When I understood what achieving my dreams was not, I also realized what it was. As much as anything else, it was just work. Plenty of it. Hard at times. Not always fun or glamorous. Sometimes demanding of my time and energy at the temporary expense of other experiences or relationships. Still, I saw that work, especially when meaningful, is not so bad after all. In fact, it can be extremely rewarding, and usually is when genuinely motivated and embraced.

In seeing this truth, I became almost a passive witness of my surrender to the reality that there was work that needed to be done, and I was the one who needed to do it if I wanted to reap the rewards, whatever form they may assume. Quite surprisingly to me, I became a person devoted to doing “my work”. Suddenly work seemed so simple and pleasurable.

Previously I had believed that I could will events and circumstances into this reality. I was correct, but I was missing an essential element of the process. The part I was missing was the fundamental truth that all actions are by-products of will. My assumption had been that thought alone was enough to make dreams manifest in this reality.

Finally I realized that desire and thought are essential, and do in fact have a life of their own. But without action as the bridge across which my will ushered my internal motivations into physical reality, these internal drives, these visions and desires only ever would remain dreams. Unfulfilled, unfulfilling, fantasies, forever trapped in the formless realm as clouds of ether. High vibration energy fields desperately trying to access the physical world, seeking a willing vessel to birth them into this world of form.

When I dropped my resistance to the solitude of individual practice and study, when I faced my fear of failure despite genuine effort, when I embraced the discomfort of challenge, and when I acted from an authentic space where doing is its own reward, I began not only to accept the work, but to derive deep joy and fulfillment from it. At that point, progress became a by-product of the joyful act of engaging in fulfilling work.

For me, the specific medium in which I learned this essential lesson, was music. However, regardless of your field(s) of endeavor, the principles are the same. We all encounter obstacles. We need them. There is no growth without resistance. Accept it. Embrace it.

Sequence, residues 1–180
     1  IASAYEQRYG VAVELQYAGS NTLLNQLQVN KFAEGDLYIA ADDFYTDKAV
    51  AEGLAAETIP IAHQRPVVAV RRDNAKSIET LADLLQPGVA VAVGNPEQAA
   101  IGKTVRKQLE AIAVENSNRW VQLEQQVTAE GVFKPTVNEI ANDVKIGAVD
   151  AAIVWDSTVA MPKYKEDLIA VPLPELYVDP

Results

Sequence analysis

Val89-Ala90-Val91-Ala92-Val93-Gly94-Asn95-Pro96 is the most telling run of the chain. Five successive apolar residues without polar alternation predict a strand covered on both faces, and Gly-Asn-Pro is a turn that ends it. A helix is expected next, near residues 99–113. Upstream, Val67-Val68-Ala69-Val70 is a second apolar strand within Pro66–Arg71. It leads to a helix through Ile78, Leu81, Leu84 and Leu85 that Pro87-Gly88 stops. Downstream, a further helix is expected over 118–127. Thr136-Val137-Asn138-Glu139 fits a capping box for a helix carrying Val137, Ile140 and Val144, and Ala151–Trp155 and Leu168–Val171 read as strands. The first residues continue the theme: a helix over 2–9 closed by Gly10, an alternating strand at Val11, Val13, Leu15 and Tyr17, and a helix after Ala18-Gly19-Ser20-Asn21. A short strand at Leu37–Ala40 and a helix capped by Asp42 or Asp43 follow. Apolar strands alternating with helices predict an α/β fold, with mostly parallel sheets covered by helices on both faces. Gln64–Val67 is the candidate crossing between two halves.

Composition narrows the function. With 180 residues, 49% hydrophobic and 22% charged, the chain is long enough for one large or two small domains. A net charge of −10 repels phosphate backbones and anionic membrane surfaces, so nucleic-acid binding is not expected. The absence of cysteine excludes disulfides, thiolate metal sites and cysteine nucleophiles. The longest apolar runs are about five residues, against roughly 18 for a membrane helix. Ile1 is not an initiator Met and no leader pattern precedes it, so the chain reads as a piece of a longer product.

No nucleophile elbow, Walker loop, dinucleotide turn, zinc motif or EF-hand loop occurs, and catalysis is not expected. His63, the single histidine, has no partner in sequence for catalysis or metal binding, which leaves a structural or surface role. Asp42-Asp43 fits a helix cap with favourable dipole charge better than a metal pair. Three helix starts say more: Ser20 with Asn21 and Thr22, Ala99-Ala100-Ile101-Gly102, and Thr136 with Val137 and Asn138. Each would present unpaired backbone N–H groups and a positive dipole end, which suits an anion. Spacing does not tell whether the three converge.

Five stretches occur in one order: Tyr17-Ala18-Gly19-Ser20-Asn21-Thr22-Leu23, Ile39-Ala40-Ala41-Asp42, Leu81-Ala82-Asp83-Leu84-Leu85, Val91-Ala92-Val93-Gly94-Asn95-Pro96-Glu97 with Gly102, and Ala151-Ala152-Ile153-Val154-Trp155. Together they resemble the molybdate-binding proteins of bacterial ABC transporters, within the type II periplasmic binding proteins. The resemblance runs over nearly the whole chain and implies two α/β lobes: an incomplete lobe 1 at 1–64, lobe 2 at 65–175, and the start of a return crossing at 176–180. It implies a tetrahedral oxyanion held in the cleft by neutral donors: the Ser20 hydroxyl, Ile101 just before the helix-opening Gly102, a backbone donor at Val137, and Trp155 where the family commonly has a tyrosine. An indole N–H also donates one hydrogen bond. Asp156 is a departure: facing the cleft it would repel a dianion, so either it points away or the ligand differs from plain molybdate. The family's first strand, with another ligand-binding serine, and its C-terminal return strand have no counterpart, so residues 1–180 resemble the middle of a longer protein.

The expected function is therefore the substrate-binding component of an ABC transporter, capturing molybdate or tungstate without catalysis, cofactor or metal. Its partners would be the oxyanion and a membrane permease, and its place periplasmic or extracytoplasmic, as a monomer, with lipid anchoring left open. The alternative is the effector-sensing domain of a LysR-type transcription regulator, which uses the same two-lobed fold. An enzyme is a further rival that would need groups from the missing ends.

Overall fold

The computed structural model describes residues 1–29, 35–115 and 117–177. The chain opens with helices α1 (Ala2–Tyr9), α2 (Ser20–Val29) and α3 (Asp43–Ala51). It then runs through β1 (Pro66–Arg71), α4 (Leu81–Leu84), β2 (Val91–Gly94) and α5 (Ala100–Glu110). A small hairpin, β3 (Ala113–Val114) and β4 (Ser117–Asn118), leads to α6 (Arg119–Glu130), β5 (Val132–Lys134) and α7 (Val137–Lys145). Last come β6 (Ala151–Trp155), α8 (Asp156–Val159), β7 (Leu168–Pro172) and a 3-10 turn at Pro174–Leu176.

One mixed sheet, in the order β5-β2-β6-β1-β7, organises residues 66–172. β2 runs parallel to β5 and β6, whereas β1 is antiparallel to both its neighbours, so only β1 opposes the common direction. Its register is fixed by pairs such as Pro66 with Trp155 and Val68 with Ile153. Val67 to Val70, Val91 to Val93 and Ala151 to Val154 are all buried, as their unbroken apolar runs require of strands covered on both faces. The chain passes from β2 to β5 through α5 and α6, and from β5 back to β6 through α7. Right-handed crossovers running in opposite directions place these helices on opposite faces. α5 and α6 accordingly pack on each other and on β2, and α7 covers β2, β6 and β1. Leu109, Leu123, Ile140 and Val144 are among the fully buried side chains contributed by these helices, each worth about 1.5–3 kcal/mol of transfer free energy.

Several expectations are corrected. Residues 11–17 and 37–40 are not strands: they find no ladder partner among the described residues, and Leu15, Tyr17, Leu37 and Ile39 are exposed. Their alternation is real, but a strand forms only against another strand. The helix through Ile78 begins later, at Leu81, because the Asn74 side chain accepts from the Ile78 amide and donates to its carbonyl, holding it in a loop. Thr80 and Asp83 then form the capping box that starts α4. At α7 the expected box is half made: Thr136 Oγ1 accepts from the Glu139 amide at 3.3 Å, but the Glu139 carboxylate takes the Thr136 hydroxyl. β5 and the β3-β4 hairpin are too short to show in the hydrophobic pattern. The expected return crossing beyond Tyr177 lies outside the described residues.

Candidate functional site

You may have fear or resistance to doing what you need to do in order to manifest some desirable outcome in your life. I know for myself, every time I have embraced the work and the lessons it promises, I have been rewarded with fulfillment beyond what I could imagine prior to rolling up my sleeves and immersing myself in the work. I don’t believe myself to be unique in this regard. In all likelihood, you have experienced this in one way or another already. I am merely here to remind you of what you already know.

Is it time for you to take on the next challenge in your life? Is there one that has been calling to you for some time now? What is it?

I encourage you to take the first step. Then the next one. And the next.

Forget the questions and doubts. Just do. Make adjustments when necessary, but try to keep moving. Gain momentum. If you lose it, regain it by returning to action.

Do so, and with patience, watch how your actions multiply the changes in your life over time.


Adversity-What Do You Make It Mean?

Painful experiences are some of our greatest teachers. It can be difficult, however, to see through the pain to the wisdom awaiting us on the other side. How we interpret our experiences depends upon how we contextualize them. This is done through the questions we ask ourselves, the thoughts we think (consciously or unconsciously), and how we respond to the situation in general. All pain offers lessons. Whether the healing allows the learning or vice versa, the two are inextricably linked. Following is one of the more challenging experiences of my life, and therefore one of my greatest teachers.

Some Background